Robinson Cano leaves All-Star Game after taking a Matt Harvey fastball off his right leg

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It’s the last thing anyone wants in an All-Star Game.

Yankees second baseman Robinson Cano was lifted in the top of the first inning tonight at Citi Field after taking a Matt Harvey fastball — clocked at 96 mph — off the inside of his right knee. It sounded bad and looked bad, but Cano limped to first base and remained in the game for a Miguel Cabrera strikeout before finally deciding into head to the dugout. Dustin Pedroia came in to replace him.

Cano was taken immediately into the AL clubhouse. Trainers should provide an update on his injury soon.

Harvey had faced 502 batters this year (including tonight’s leadoff man Mike Trout) and hit just one.

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UPDATE, 8:47 p.m. ET: FOX Sports’ Ken Rosenthal was told that Cano got plunked more in the quadriceps than the knee and that he should ultimately be fine. The Yankees start play again on Friday night in Boston. That should leave Cano with ample time to heal whatever bruising he might have sustained.

UPDATE, 9:01 p.m. ET: Bill Shaikin of the Los Angeles Times adds that X-rays turned up negative.

UPDATE, 9:07 p.m. ET: The official diagnosis, per Rosenthal, is a right quadriceps contusion.

A.J. Hinch: “We’ll use every pitcher in Game 7 if we have to”

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It’s not entirely clear why the Astros threw Ken Giles into the ninth inning of Game 6 of the ALCS. With a six-run advantage and the bottom half of the Yankees’ lineup due up, pushing the series to its seven-game capacity looked like a sure bet. Giles may be one of Houston’s better bullpen arms, but he’s not their only option, and it would have made more sense to keep him fresh for a do-or-die Game 7 on Saturday night.

Of course, there’s no such thing as a sure bet when it comes to postseason baseball. That’s more or less what Astros’ manager A.J. Hinch had to say after the game, telling reporters that he had envisioned a quick three outs from his closer as they tried to pull back from the brink of elimination. “We didn’t have the luxury of limping into that inning,” Hinch said. “We’ve seen how these guys can explode in these innings.”

It’s not difficult to recall the Yankees’ explosive drive in the eighth inning of Game 4, when they exploited the holes in Houston’s ‘pen and evened the series with Gary Sanchez‘s go-ahead double off of Giles. Back home in Minute Maid Park, however, there was a slightly different feel to the eighth and ninth innings of Game 6. Jose Altuve led off the eighth with a solo home run, followed by Alex Bregman‘s two-run double and Evan Gattis‘ sac fly. In the ninth, Giles labored through a 23-pitch outing to lock down the win, handing out a base hit and a seven-pitch walk before eventually whiffing Chase Headley on three straight pitches for the last out.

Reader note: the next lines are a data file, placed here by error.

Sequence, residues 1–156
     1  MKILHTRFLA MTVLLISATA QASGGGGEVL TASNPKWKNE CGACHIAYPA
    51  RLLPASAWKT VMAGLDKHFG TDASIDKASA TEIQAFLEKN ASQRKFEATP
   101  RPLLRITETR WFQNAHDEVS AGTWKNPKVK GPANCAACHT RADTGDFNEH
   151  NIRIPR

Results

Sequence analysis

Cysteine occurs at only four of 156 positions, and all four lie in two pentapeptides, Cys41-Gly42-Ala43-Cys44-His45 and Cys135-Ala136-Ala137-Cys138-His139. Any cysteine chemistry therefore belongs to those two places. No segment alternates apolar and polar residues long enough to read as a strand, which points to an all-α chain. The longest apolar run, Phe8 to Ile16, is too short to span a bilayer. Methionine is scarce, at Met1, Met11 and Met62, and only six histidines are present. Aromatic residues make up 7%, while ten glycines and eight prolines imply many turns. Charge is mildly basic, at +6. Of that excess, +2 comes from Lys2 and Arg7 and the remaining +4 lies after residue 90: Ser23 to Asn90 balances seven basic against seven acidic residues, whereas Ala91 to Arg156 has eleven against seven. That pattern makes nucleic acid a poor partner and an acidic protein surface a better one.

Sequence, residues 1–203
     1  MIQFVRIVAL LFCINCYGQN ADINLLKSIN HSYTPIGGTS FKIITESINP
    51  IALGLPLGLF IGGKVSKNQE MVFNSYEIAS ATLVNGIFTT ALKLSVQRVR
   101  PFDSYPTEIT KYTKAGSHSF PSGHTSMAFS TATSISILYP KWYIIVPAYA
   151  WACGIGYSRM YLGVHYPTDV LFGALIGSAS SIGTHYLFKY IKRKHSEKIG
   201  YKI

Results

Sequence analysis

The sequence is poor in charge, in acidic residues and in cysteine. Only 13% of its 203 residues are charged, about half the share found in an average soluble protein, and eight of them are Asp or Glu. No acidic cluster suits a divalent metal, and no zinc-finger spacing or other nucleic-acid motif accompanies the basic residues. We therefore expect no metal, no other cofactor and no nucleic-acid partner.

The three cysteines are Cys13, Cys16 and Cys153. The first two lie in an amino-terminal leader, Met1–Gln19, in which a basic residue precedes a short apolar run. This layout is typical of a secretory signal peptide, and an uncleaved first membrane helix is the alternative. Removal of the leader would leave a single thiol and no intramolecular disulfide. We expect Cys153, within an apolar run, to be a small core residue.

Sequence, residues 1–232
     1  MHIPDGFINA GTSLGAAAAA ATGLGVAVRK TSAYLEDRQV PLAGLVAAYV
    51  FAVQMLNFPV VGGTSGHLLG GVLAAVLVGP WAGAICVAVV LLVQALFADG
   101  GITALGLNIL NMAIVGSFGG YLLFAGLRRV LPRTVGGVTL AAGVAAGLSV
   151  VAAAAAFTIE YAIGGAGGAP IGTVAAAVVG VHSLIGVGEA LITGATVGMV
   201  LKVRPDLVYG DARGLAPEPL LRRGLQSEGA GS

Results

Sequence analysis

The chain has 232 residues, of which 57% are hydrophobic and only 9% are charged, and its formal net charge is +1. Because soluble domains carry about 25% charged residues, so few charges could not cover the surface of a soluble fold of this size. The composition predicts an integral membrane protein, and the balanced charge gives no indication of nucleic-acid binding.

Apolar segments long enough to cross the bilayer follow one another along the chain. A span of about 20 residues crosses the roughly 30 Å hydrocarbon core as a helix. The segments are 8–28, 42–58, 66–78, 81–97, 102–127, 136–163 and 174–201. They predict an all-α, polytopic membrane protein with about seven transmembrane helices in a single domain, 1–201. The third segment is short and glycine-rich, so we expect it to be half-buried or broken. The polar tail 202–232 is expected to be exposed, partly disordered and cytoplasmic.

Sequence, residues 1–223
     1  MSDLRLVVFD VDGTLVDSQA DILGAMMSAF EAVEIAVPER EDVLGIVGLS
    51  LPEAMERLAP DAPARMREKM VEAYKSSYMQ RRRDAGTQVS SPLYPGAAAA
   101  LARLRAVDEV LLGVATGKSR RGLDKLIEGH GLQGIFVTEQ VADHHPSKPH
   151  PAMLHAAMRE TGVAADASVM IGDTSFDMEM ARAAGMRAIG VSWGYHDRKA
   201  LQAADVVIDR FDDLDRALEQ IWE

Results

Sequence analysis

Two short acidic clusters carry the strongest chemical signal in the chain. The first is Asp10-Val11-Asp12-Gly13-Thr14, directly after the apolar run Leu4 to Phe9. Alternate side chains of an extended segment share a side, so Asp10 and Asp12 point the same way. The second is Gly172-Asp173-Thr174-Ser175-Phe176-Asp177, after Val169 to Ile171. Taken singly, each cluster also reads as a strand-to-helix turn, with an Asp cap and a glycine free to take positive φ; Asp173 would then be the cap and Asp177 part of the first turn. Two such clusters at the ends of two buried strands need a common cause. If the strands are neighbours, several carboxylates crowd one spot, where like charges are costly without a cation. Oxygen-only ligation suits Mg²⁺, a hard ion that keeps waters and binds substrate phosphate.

So, while Hinch’s decision to lean on Giles in Game 6 may have felt wasteful, his concerns were not entirely unfounded. He’s prepared to roll with the same strategy during Saturday’s series finale, too, leaving nothing on the table as the Astros battle for their first World Series showdown since 2005. According to Dallas Keuchel, that means all hands on deck — except for Justin Verlander, whose four wins, 24 strikeouts and 1.46 postseason ERA have gotten the Astros as far as he could possibly be expected to take them. “No pitcher is going to be in the dugout,” said Keuchel. “They’re all going to be in the bullpen, myself included. Any way we can help out, we’re trying to get to the World Series, the same way the Yankees are, and that’s a nice feeling to have.”

Does that mean Giles will be available for a Game 7 appearance? Stranger things have happened. Joe Sheehan notes that the right-hander has pitched in back-to-back days 13 times this year, though he’s never thrown as many as 23 pitches on Day 1. Granted, he likely doesn’t have enough left in the tank for another 20+ pitch run on Saturday, but with the World Series on the line, any help he can offer will be invaluable.